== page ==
Identifying "My Guys" is slowly becoming a must-have-post for respectable bloggers. I love interesting posts that someone else came up with as it requires less thought on my part. What defines "My Guys" you ask? Well, officially they are a handful of players you love who you expect to have great, high-impact seasons but who aren't receiving sufficient hype. Guys like Adam Weber and Eric Decker are clearly off limits.
With Tim Brewster as our coach and on the Gophersports.com football camp blog just about everyone on the roster is receiving sufficient hype. The incoming class of freshmen and JUCOs has been talked about more than any other recruiting class in the team's history so that makes this endeavor rather a bit harder.
But adversity such as this has never scared me off and I will meet this challenge head on. PJS and I have each decided upon "our guys" to be impact players this season.
GN Guy #1 - Kyle Theret
There will be 3 new starters in the 4-man defensive backfield. Theret is likely the lone returning starter and for good reason. Brock and Simmons are incoming JUCOs expected to make a significant impact and reports keep coming in that Marcus Sherels' move from WR to CB is going to be a good one. But nobody is talking about Theret.
In 2007 the pass defense was thoroughly abused and there were no bright spots to speak of. But quietly, Kyle Theret showed improvement and ended up being a solid player who was one of the few who was willing to tackle. I expect continued improvement and will the a pleasant surprise in the 2008 backfield.
"I haven't been home since May," he said. "I've been up here busting my butt trying to get in the best shape I've ever been in, work on my backpedal, just make my skills better. There is a lot more competition, but that makes everyone better. You have to be on your game every play."
I don't have outrageous expectations for Theret, but I do think he'll be the leader of an improved unit and will quickly become a fan favorite.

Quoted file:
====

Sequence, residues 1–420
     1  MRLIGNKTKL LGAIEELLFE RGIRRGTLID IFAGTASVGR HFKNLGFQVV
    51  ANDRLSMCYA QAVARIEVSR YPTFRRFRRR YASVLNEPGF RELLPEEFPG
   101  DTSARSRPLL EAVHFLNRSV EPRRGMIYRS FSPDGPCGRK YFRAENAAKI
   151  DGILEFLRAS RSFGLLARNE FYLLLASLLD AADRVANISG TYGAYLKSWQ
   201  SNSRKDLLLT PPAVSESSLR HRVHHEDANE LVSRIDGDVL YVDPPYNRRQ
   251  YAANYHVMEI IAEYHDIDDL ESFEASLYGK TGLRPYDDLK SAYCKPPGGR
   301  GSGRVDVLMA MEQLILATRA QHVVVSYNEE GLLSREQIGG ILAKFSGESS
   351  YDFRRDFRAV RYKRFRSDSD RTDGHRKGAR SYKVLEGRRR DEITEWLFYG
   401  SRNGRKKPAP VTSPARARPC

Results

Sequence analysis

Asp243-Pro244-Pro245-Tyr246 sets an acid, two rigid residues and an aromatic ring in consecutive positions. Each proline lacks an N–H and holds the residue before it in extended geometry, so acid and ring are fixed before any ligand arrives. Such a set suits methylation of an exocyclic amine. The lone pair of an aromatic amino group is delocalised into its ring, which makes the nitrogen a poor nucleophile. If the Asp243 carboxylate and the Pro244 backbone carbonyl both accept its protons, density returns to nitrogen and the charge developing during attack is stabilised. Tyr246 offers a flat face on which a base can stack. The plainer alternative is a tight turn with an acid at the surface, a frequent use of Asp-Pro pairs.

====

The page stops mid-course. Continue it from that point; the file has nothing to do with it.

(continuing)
GN Guy #2 - Duane Bennett
Since 2002 when Mike Dunbar took over as Northwestern's offensive coordinator his offense has produced a 1,200 yard rusher in every season until his arrival in Minnesota. And outside of 2006
when he was coaching Marshawn Lynch he has done it with 2nd tier running backs on 2nd tier teams. Apologies to LTP and Northwestern fans but Jason Wright and Noah Herron are not backs you would expect to rack up 1,200+ yards against Big Ten defenses.
But they did and I expect Bennett will assume the role of team's leading rusher and rack up 1,000+ yards this season.
PJS Guy #1 - Jack Simmons
If I were in a Big Ten fantasy football league, Jack Simmons would be my sleeper tight end pick. Simmons played very well in flashes in 2007 while battling a foot injury. He racked up 20 catches for 202 yards, good for fifth on the team. With the relative lack of experience at wide receiver, Simmons could well be a trusted target for Weber.
While the incoming wide receivers have been sufficiently hyped as an upgrade to last year's corps, the tight end position has been largely ignored by the punditry. If the wide receivers live up to the hype, it should create more openings for Simmons.
Also consider that the Gophers' offensive line is in decidedly inexperienced (more coming on the O-line next week). As Weber drops back to throw the vast majority of the time, he could often be forced to check down. Combine that with the fact that it's Simmons and Decker who have the most experience as pass catchers on the team, and that's why Simmons is "my guy" to surpass expectations in 2008.
PJS Guy #2 - Willie VanDeSteeg
Yes, he's a name you know. But if the hype surrounding him largely disappeared last season, as he battled a wrist injury throughout a disappointing junior campaign. Now healthy, and in his senior season on an athletically-charged defense, VanDeSteeg could well return to the impact player we got to know in 2006.
During Glen Mason's last season, VanDeSteeg racked up 10 sacks, a school record for a sophomore, and earned Big Ten All Second Team honors. Last year? Not so much. He totalled one sack and 20 solo tackles. Consider that he made 14.5 tackles behind the line of scrimmage in 2006, and it's easy to see that the Gophers lost a great deal of production from their go-to defensive lineman.
The one area that perhaps could hold VanDeSteeg back is the fact that Ted Roof will be the fourth defensive coordinator he's played under. But if VanDeSteeg is the senior leader the Gophers make him out to be, that should be less of a challenge than playing through a busted wrist.
Now, who are your guys?